Kentucky tornado survivor details harrowing tale after being buried with others in debris for hours
"It was absolutely the most terrifying thing I've ever experienced in my life," Kyanna Parsons-Perez told the TODAY show on Saturday
Kyanna Parsons-Perez somehow kept her composure Friday night after a tornado flattened the Mayfield Consumer Products candle factory in Mayfield, Kentucky where she worked, leaving her and her coworkers cloaked in darkness and buried under several feet of debris.
An estimated 110 people were in the building when it collapsed, according to WLKY. At least 80 people from Kentucky are believed to be dead as a result of the tornadoes that ravaged the state along with other parts of the midwest this weekend, according to the New York Times.
The death toll throughout the region rose to at least 90 on Sunday, according to the Times.
Parsons-Perez, who celebrated her 40th birthday on Saturday, said she called 911 Friday night before starting a Facebook Live stream to keep calm and seek additional help while she and her colleagues desperately waited for someone to aid them.
“All you heard was screams,” the recent Murray State University graduate told TODAY on Saturday. “It was absolutely the most terrifying thing I’ve ever experienced in my life. I did not think I was going to make it at all. I was trying to stay positive.”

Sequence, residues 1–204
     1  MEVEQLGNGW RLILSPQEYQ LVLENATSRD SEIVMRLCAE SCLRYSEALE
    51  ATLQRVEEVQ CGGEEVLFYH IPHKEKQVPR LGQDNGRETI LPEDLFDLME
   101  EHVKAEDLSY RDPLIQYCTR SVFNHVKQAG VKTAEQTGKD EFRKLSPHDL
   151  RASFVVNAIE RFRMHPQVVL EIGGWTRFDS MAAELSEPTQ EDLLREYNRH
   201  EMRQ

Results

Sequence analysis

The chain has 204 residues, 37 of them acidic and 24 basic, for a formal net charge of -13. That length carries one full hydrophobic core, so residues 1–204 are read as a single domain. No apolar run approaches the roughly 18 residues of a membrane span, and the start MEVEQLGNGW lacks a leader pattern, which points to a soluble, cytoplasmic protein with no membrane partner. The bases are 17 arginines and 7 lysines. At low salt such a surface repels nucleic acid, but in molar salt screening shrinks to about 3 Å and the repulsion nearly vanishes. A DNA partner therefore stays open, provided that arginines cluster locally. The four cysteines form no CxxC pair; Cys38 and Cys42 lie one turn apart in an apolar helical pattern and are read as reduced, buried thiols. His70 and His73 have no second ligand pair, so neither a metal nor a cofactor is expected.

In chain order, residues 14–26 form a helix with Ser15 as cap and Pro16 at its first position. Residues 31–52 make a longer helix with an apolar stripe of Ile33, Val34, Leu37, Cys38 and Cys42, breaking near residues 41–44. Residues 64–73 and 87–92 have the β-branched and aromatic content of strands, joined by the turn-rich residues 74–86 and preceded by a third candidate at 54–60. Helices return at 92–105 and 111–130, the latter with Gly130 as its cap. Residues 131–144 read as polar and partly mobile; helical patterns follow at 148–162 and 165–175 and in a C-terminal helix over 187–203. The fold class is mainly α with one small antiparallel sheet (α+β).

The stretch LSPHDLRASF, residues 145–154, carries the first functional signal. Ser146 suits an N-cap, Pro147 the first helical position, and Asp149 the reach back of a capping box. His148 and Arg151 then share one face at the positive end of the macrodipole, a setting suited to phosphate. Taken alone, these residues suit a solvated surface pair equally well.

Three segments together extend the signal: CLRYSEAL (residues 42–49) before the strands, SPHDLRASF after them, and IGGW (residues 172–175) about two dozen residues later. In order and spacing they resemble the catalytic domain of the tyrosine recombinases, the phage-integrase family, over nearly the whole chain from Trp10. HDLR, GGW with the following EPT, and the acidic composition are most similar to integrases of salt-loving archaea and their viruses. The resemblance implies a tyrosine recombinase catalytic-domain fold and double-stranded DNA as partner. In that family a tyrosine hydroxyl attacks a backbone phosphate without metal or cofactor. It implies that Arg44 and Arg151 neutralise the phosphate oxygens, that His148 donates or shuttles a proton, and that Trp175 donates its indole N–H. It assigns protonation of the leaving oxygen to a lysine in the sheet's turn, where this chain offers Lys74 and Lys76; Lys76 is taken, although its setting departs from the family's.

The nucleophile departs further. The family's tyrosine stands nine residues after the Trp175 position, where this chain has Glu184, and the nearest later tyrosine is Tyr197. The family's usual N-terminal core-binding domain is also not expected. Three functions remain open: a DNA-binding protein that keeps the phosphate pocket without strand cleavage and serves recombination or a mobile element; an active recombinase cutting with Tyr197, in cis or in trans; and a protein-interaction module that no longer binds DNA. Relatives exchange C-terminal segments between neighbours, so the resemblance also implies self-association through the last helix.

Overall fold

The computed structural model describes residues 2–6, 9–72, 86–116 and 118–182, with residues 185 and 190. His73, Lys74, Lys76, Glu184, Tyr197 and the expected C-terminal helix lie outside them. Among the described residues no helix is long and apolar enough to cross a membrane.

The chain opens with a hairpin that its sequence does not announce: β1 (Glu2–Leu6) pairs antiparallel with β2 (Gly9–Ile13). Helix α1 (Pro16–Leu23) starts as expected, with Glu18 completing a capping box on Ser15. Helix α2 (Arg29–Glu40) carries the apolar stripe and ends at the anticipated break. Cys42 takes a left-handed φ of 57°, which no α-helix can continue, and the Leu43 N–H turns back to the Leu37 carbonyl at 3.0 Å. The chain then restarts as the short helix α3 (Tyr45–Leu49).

Parsons-Perez can be heard comforting her co-workers as they wept and prayed in Spanish during the ordeal.
“We’re going to be fine, Andrea,” she said during her Facebook live stream. “My birthday is in a couple hours. Y’all gonna sing happy birthday to me?”
Another survivor tried to sing as others in the group continued crying.
“You could hear people screaming and praying in Spanish and just hollering and, you know, trying to figure out what we could do,” Parsons-Perez told TODAY. “Everything happened so fast. They had us in the area where you go in case there’s a storm. And we were all there and then the lights got to flickering. And then all of a sudden we felt a gust of wind. My ears kind of start popping as they would if you were on a plane. Then, boom! Everything came down on us.”
Parsons-Perez said she and others had to climb out of the debris pile with the help of a search and rescue team. During a separate Facebook Live stream minutes later, her stoic demeanor melted away and her tears started to flow.
“They got me out. I’m OK,” Parsons-Perez said as she wept.
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